A "reversal" is a change of the situation into the opposite, as described above, this change being, moreover, as we are saying, probable or inevitable— like the man in the Oedipus who came to cheer Oedipus and rid him of his anxiety about his mother by revealing his parentage and changed the whole situation. In the Lynceus, too, there is the man led off to execution and Danaus following to kill him, and the result of what had already happened was that the latter was killed and the former escaped.

The example from Oedipus is a reversal in a negative direction. The Lynceus is a play by Theodectes based on a mythical story about Lynceus of Argos. The play has been lost, but it appears that Lynceus escaped death, so the reversal in Theodectes's play is a positive reversal for the main character.

J. A. Cuddon's The Penguin Dictionary of Literary Terms and Literary Theory (third edition, Penguin, 1991) writes that a peripateia in drama is "usually the sudden change of fortune from prosperity to ruin; but it can be the other way about". The entry for "peripateia" also cites an excerpt from Aristotle's Poetics (from chapter 11 in Ingram Bywater's translation) but without including the Lynceus example.

Some reference works for literary terms consider peripateia as an exclusively negative change, for example LiteraryTerms.net, but others also provide examples of positive changes, for example, LiteraryDevices.net. The Algemeen letterkundig lexicon (in Dutch) says that a peripateia can be either a positive or a negative reversal.


From no less an authority than Aristotle, we are assured

The fourth case is when some one is about to do an irreparable deed through ignorance, and makes the discovery before it is done. . . . The last case is the best, as when in the Cresphontes Merope is about to slay her son, but, recognizing who he is, spares his life. So in the Iphigenia, the sister recognizes the brother just in time. Again in the Helle, the son recognizes the mother when on the point of giving her up. (Emphasis mine.)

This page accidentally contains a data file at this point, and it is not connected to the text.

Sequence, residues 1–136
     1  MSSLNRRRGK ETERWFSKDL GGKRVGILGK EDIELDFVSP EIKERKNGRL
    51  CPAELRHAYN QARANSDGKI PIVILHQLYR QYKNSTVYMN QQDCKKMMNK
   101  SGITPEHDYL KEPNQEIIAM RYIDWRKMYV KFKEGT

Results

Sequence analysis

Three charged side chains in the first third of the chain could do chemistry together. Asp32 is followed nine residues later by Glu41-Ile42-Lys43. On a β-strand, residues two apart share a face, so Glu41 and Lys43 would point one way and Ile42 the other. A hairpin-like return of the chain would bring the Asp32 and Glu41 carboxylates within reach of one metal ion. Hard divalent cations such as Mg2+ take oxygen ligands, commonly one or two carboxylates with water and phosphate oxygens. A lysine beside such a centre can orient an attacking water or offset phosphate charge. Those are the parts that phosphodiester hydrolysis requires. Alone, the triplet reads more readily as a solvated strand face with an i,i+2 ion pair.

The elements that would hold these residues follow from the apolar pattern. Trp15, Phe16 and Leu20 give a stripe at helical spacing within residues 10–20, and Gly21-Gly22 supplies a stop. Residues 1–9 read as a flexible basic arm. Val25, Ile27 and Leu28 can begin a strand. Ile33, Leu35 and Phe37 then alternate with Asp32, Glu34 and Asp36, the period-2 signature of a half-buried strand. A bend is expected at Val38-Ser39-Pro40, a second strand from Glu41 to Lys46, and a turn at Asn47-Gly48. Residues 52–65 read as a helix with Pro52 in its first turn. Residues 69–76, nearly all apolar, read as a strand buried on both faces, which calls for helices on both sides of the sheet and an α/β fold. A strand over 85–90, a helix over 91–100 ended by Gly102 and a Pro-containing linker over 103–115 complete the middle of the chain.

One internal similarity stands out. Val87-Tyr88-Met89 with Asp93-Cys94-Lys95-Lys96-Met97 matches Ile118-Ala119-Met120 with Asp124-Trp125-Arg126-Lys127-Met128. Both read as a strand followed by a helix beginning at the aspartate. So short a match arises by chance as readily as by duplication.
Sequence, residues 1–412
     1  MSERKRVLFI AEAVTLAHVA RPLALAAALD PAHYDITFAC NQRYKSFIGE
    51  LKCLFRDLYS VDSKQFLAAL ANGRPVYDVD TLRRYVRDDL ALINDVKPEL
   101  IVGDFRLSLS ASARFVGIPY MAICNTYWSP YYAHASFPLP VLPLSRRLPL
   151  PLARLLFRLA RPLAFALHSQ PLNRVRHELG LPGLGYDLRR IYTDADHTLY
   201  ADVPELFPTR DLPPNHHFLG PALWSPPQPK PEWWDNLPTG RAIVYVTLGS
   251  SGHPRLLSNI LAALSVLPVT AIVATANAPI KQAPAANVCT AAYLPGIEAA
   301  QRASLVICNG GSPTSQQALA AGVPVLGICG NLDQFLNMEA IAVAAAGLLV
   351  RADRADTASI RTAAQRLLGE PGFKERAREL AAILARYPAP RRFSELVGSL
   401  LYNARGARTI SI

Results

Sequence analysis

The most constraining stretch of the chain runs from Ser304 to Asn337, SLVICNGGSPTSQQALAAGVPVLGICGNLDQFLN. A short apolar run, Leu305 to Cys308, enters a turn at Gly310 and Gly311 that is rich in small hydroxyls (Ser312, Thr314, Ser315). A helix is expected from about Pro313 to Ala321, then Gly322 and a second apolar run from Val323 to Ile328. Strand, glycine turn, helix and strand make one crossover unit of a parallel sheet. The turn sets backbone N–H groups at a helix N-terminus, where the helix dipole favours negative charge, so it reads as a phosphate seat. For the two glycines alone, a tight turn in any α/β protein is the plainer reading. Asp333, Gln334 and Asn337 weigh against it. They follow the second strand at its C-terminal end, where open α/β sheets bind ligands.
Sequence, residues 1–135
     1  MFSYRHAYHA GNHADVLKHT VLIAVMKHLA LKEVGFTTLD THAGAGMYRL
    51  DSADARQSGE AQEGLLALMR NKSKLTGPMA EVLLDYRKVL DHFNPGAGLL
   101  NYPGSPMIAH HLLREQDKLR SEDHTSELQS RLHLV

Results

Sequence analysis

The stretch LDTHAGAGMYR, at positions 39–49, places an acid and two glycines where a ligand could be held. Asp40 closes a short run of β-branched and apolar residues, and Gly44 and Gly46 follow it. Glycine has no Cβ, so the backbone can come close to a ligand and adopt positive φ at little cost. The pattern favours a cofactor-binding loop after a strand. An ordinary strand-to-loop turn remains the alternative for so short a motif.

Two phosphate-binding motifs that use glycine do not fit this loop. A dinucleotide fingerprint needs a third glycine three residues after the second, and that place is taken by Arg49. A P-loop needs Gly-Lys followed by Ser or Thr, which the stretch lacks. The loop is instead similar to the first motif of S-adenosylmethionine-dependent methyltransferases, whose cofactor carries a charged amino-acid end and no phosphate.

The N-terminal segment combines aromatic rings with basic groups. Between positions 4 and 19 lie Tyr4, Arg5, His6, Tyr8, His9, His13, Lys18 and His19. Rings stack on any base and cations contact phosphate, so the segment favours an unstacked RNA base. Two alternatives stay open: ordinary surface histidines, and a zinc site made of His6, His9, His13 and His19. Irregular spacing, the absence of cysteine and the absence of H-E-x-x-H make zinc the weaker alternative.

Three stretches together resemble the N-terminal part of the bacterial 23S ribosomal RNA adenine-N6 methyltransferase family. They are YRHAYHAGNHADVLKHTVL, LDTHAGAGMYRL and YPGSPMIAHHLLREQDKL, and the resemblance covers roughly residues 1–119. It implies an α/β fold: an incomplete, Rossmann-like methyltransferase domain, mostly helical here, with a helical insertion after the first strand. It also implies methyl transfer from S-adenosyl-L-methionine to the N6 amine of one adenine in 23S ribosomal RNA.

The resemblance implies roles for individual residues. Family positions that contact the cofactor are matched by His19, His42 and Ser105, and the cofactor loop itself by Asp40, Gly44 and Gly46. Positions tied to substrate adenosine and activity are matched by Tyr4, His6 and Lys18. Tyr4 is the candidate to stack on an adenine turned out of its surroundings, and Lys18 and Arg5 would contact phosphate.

So the originator of the use of "peripeteia" in literary context not only regards positive changes as an example, but thinks they are best.

I also add that when he wrote, "tragedy" meant what we would now call "drama" -- it included tales with happy endings.

  • 1
    Aristotle specifically says a tragedy should invoke pity and fear; the claim that tragedy included all drama is incorrect.
    – verbose
    May 14, 2021 at 7:35
  • “The same distinction marks off Tragedy from Comedy; for Comedy aims,at representing men as worse, Tragedy as better than in actual life.” Translated by S. H. Butcher
    – verbose
    May 14, 2021 at 7:44
  • The lost second part of Aristotle's Poetics covered comedy, whereas the preserved first part discusses tragedy. I don't know what could justify the claim that Aristotle's concept of "tragedy" also included comedy.
    – Tsundoku
    May 14, 2021 at 9:33
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    @Tsundoku But I didn't say it included comedy. I said it included happy endings, as the quote indicates.
    – Mary
    May 14, 2021 at 13:05
  • @verbose "drama" does not mean "all plays" as witness that if you were told that a movie was a drama you would not know whether the ending was happy or sad but would know it's not a comedy.
    – Mary
    May 14, 2021 at 13:06